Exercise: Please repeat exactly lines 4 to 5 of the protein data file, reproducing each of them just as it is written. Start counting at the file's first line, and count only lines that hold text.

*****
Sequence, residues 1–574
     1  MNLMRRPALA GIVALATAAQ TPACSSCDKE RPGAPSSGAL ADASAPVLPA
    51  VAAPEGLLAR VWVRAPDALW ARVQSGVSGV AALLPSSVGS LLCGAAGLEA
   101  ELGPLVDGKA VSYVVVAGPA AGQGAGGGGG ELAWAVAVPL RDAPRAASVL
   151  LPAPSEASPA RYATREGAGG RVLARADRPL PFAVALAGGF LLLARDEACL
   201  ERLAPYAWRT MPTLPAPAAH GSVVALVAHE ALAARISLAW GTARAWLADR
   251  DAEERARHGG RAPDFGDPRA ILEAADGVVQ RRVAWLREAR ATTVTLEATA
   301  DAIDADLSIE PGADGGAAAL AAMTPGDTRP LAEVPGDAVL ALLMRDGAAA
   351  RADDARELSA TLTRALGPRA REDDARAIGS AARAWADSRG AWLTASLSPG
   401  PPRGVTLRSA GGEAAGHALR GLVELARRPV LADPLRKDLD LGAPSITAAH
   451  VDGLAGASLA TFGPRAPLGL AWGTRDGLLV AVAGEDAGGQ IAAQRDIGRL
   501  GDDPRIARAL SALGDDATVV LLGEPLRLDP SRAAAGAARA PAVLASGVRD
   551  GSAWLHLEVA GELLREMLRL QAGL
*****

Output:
   101  ELGPLVDGKA VSYVVVAGPA AGQGAGGGGG ELAWAVAVPL RDAPRAASVL
   151  LPAPSEASPA RYATREGAGG RVLARADRPL PFAVALAGGF LLLARDEACL